Bob E. Shannon:

Prior to 1876, there was no insurance regulation in Texas.

Unfortunately, the era is well-known as one in which the insurance business did frankly what it was — what it wished to do and there were situations for a frequent failures, financial failures by the insurance company.

In many cases in that period, the officials of the insurance companies conducted themselves more or less for — and conducted the companies more or less for their own benefit rather than for the benefit of stockholders of the companies or for the policy holders of the company.

In this period also, it was problem of discriminatory rates between certain insured companies and insurers.

Earl Warren:

What was that period did you say Mr. Shannon?

Bob E. Shannon:

Mr. Justice, prior to 1876, prior to any state regulation —

Earl Warren:

Yes.

Bob E. Shannon:

— by the Board.

In 1876, the legislature did pass an act setting up a state department of insurance and from that date, down to the present, it has passed various laws which comprehensively regulate the whole of the insurance business in Texas.

The present regulatory bodies called the State Board of Insurance and they exercise, as I say, a fairly comprehensive control over the insurance done by licensed companies in the State.

A few examples of the kinds of regulations which were imposed by the State Board or the fact that minimum capital and surplus are required to be met, that the company’s license do business in Texas come into Texas and submit themselves to examination by examiner by the State Board of Insurance that these companies submit annual statements of their financial condition, that a certain kinds of insurance rates are prescribed by the Board and other kinds of insurance policy forms are even prescribed on the Board.

Now, these regulations are few and these among many others set a minimum standard of performance for insurance companies which operate lawfully in Texas.

John M. Harlan II:

Did the respondent here paid the tax, large — that have gone into Texas, in fact the charge content with Todd.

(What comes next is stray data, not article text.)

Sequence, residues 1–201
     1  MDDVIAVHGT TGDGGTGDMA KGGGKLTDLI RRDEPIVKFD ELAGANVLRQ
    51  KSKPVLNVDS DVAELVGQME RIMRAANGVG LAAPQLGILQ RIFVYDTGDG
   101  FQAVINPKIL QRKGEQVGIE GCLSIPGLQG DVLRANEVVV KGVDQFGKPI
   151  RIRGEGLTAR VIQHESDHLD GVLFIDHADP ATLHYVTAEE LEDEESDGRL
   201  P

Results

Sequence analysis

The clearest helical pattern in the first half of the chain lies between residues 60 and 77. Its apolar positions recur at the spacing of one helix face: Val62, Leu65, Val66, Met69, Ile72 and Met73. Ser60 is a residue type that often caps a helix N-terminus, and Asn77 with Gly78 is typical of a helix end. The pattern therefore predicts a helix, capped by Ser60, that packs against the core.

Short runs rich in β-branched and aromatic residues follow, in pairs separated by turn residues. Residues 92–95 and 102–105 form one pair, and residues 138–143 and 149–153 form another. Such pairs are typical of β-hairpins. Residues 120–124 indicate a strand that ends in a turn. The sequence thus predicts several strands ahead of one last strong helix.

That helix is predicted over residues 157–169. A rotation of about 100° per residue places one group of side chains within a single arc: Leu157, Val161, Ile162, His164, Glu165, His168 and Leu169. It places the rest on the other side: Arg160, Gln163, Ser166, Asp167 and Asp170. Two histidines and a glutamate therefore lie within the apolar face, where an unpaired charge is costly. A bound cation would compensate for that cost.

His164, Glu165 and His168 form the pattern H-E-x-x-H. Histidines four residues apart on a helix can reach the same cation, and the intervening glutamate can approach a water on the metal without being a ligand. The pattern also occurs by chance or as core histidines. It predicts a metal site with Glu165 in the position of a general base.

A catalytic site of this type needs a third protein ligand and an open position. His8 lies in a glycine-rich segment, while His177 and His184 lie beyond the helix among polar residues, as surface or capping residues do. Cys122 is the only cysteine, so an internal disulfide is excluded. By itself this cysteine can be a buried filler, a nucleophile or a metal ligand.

Bob E. Shannon:

If he paid the tax Your Honor?

John M. Harlan II:

Yes, this — if Todd had paid the tax.

Bob E. Shannon:

Todd did pay the tax Your Honor on protest.

John M. Harlan II:

And yes, I know but assuming that Todd — assuming that you prevail in this lawsuit as far as Texas is concerned, Lloyd can write insurance in there with anybody who was going to pay 5% tax.

Bob E. Shannon:

Through certain — through certain agencies Your Honor, through Article 21, its various sections within the act to setup special licensing agency.

John M. Harlan II:

I understand, yes but as far as that’s given compliance in — in those respects, Lloyd’s can go ahead and write to its heart’s content.

Bob E. Shannon:

That’s true Your Honor —

John M. Harlan II:

How do — what my question is how does this regulate law that’s why I can’t understand?

Bob E. Shannon:

Alright, Your Honor, it actually has no regulation directly on Lloyd’s of London.

Actually, it tends to end the encouragement to persons owning risks in Texas from going outside the companies which are licensed in Texas to purchase insurance because of placing a tax on these transactions.

John M. Harlan II:

They’re making it tougher to the out of state company to come in.

Bob E. Shannon:

In effect, yes.

As I have stated a moment ago, the purpose of the tax is primarily regulatory and this is revealed in the first section of 21-2038 which is the purpose clause and stated as follows, The legislature declares that it is the subject and concern that the placing of such direct lines of insurance with an unauthorized insurance companies is not properly regulated.

As I stated a moment ago, 2138 does several things.

In Section 2 — or subsection (a), (b), (c), and (d), it sets up a means by which persons owning risks in Texas may purchase insurance from unauthorized companies if they will go through specially licensed agents.

Now, these agents on under certain categories and they — they must pass certain — certain test before they can provide this sort of insurance.

Also, the agent pays a 5% tax upon the gross premiums taken upon these transactions.

Bob E. Shannon:

And Section 2 (e) which is under consideration before this Court, the — is in effect a tax which is used as a regulation to — as Mr. Justice said a moment ago to in effect, lessen the advantage of these — of Texas people owning Texas risks to go outside the state and purchase insurance from unauthorized companies.